Azure Function

Azure Functions allow you to lightweight, serverless and event drive. It event says that on the Azure site. What that really means is, you don’t have to code much, they are fast, Azure handles the scaling and you can call them from pretty much anything. I’m not going to go into the setting up of webhooks or timer based triggers in this post, I’m going to just use basic Http triggers. But most of the principals are the same and Azure has a large stock of sample functions to help with whatever trigger you want to use.

First off we need to add a new Function App. This uses a pretty basic Azure creating wizard.

CreateFunctionAppOnce the Function App has finished deploying and you select it, the Function App will open in almost the width of the browser and you will be displayed a getting started page. You can choose your function type from here, or if you select New Function you will be able to see all the options available. I have used the drop down lists to refine the search and selected the HttpTrigger.

CreateFor the purposes of this demo we don’t need to worry about the Authorization level so I’m going to leave it at Function. The steps here are generic and we will use them throughout the rest of the document to build each of the four functions.

Once the function has been created you will see something similar to this:

capture10We wont be needing the boilerplate code, but before deleting it if you haven’t used functions before it may be worth scrolling to the bottom of the display and testing the simulator. By entering the value for name into the JSON you get a simple response from the function when you press Run.

capture13

Before we move on, you can check out the Integrate and Manage tabs sections selected from the left hand panel. Integrate allows you to select the types of trigger and output (including parameters) you want your function to have, along with settings such as Authentication. Most of this is set when you choose your function type, but you can make changes here if say you wanted to have an action triggered by a DocumentDB but with a request sent out via Http to another service.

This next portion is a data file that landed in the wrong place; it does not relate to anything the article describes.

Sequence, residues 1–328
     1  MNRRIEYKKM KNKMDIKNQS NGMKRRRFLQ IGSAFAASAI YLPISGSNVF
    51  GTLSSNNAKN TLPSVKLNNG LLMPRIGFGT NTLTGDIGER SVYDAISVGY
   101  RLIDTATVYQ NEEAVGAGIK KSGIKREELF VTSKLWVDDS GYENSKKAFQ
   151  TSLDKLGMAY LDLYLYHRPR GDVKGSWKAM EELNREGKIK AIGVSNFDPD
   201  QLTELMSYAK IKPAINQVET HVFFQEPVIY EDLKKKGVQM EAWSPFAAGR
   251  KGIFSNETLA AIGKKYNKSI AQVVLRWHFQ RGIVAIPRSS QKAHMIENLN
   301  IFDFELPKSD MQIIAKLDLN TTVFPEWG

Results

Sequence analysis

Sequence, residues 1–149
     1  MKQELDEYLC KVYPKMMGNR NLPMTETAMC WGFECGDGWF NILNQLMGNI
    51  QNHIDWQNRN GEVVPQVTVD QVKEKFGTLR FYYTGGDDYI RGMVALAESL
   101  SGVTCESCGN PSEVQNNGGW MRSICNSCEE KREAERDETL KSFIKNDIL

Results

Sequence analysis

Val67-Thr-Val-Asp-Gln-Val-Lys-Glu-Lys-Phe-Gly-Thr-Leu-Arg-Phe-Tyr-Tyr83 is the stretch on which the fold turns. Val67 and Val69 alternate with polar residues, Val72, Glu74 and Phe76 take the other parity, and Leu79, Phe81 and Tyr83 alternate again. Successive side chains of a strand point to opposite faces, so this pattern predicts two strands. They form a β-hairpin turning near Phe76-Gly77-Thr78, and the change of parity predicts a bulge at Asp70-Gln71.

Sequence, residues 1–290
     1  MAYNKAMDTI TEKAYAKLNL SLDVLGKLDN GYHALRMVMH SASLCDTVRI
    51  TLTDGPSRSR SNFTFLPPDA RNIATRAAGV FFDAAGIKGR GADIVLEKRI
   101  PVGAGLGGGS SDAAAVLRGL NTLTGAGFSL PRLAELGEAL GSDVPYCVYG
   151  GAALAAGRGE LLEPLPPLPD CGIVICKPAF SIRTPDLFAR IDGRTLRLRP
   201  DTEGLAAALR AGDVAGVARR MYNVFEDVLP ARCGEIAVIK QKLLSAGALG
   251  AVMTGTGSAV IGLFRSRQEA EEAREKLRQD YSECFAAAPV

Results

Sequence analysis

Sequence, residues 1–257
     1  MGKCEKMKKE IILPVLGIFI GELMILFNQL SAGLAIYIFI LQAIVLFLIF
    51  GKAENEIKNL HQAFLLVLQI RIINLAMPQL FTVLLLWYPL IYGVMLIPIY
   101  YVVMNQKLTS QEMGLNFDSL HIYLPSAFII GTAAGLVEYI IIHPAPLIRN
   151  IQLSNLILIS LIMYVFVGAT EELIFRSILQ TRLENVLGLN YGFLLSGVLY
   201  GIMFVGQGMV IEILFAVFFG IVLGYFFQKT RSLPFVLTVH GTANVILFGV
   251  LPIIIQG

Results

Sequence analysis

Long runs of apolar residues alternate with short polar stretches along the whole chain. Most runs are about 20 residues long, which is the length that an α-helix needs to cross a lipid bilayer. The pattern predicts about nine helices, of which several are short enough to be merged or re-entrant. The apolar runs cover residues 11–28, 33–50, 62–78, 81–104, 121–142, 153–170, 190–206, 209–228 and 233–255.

capture11

From the manage tab you can enable/disable or delete your function.

capture12

With our function created, we can now write some code into the browser.

Adding a NuGet Package to your Function

This step will be used within all the functions in this post so I’m putting it at the top and getting it out of the way. From the Function UI you can not directly add NuGet packages. To connect to DocumentDB you need a NuGet package installed. Problem? Nope, not really. Although you cant add them normally, they are still easily supported. All you need to do is select View Files and add a new file called Project.json like shown below:

capture14

Inside that file you add the following json. If you need any other examples of this or are unsure of the settings for a particular NuGet package then you can just copy the detail from the Project.json file in any Visual Studio solution. That’s what I did!

{
  "frameworks": {